Ingo Molnar <email@example.com> writes:
> actually the opposite is true, on a 2.2 GHz P4:
> $ ./lat_sig catch
> Signal handler overhead: 3.091 microseconds
> $ ./lat_ctx -s 0 2
> 2 0.90
> ie. *process to process* context switches are 3.4 times faster than signal
> delivery. Ie. we can switch to a helper thread and back, and still be
> faster than a *single* signal.
This is because the signal save/restore does a lot of unnecessary stuff.
One optimization I implemented at one time was adding a SA_NOFP signal
bit that told the kernel that the signal handler did not intend
to modify floating point state (few signal handlers need FP) It would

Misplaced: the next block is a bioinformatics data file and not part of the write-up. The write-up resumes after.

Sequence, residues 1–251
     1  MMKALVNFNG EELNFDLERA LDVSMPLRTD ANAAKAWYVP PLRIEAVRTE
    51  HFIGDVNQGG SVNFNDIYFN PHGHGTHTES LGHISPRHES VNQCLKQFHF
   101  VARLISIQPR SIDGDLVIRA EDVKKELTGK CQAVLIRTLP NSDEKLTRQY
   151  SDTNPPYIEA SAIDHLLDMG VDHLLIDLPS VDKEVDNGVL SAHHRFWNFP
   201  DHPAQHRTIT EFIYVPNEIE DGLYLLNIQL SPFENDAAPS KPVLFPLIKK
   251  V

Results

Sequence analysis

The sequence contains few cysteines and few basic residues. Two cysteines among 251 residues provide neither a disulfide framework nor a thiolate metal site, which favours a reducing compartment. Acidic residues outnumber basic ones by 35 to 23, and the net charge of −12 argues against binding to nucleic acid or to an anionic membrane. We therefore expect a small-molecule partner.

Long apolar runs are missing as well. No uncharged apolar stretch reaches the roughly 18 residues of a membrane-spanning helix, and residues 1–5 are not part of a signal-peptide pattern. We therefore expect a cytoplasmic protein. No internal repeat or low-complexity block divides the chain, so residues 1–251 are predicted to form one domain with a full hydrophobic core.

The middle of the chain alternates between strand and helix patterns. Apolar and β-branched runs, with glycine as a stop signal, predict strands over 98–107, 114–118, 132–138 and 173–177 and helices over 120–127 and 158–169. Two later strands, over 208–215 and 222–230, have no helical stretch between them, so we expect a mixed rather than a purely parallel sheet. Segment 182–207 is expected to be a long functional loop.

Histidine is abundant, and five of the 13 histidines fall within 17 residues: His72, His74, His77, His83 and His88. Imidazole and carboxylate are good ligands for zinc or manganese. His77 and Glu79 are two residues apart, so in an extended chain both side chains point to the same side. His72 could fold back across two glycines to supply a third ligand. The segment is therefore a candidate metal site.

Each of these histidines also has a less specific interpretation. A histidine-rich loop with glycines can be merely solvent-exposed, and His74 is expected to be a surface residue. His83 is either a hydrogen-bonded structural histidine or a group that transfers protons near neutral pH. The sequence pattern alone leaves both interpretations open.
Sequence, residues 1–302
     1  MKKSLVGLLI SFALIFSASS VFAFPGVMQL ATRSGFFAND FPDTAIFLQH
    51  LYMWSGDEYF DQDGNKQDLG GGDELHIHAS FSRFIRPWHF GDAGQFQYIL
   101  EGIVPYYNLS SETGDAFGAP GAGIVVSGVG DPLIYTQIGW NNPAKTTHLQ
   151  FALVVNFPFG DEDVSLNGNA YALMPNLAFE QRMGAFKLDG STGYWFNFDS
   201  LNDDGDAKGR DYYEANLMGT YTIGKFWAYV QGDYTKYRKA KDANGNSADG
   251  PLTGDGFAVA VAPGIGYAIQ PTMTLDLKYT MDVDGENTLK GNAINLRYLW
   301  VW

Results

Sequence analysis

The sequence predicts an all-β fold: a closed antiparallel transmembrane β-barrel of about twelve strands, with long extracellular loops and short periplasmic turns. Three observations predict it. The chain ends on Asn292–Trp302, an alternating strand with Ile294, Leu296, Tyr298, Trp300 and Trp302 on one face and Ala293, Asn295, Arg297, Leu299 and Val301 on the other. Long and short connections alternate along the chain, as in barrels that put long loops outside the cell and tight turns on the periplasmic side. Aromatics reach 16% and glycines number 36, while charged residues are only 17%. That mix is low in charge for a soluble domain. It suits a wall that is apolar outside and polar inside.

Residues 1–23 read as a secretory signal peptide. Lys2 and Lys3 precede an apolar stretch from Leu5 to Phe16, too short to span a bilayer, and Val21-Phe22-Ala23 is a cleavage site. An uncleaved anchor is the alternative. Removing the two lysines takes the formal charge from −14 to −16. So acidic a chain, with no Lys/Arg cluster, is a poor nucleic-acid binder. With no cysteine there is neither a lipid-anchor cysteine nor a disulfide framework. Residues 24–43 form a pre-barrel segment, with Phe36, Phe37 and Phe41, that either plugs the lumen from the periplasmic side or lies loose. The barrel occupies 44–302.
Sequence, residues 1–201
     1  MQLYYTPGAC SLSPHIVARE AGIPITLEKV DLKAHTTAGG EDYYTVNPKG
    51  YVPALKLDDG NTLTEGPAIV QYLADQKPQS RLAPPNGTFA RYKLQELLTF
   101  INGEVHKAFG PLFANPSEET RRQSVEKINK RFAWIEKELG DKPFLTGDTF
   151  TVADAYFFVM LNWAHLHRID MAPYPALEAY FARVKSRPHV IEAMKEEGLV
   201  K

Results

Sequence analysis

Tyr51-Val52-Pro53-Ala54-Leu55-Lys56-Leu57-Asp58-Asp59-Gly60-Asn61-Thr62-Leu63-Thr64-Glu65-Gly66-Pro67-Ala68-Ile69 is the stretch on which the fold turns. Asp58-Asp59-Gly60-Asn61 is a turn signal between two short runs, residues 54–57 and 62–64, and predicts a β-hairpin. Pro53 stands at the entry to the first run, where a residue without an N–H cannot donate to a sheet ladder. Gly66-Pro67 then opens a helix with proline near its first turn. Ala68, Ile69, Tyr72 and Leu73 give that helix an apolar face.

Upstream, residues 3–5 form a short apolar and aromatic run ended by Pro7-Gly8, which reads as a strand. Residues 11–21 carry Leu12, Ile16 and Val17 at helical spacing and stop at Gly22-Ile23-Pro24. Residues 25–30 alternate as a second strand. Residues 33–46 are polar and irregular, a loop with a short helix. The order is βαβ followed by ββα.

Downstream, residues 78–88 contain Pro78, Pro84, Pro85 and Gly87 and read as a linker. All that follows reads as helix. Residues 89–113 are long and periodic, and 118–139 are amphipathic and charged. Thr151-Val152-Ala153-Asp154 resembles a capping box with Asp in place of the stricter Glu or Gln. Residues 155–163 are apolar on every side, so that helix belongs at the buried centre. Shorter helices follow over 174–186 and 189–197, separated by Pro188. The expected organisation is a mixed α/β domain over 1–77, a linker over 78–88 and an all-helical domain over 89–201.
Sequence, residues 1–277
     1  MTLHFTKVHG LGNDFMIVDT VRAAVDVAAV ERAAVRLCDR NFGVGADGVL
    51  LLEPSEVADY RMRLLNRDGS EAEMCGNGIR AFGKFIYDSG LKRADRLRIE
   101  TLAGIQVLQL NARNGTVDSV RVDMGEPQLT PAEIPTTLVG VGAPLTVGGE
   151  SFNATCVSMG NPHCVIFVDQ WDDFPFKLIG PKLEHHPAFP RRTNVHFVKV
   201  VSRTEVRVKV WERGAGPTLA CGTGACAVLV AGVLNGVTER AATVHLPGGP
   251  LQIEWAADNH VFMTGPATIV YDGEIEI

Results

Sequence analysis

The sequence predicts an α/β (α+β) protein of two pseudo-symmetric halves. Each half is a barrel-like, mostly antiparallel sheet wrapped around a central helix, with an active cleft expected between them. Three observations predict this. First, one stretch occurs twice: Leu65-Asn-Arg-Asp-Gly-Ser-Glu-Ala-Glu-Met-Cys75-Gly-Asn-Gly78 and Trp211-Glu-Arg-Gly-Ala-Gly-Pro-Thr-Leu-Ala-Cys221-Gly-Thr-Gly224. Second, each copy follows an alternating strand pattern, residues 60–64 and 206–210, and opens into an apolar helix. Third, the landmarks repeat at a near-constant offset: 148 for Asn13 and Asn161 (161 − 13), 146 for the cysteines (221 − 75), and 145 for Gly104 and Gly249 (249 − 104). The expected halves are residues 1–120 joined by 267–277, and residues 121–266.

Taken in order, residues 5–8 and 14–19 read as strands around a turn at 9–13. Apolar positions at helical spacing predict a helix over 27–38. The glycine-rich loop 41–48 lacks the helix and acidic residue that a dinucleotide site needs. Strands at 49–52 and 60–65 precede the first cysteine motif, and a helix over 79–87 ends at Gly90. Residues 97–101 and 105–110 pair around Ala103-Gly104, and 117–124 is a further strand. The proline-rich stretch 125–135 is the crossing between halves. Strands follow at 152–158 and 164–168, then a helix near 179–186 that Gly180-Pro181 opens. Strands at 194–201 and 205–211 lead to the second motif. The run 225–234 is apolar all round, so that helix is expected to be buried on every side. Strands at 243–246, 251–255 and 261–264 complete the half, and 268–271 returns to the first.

not save the FPU state then and reached quite some speedup in signal
Linux got a lot slower in signal delivery when the SSE2 support was
added. That got this speed back.
The target were certain applications that use signal handlers for async
If there is interest I can dig up the old patches. They were really simple.
x86-64 does it also faster by FXSAVE'ing directly to the user space
frame with exception handling instead of copying manually. But that's
not possible in i386 because it still has to use the baroque iBCS
FP context format on the stack.
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This archive was generated by hypermail 2b29 : Wed Aug 07 2002 - 22:00:25 EST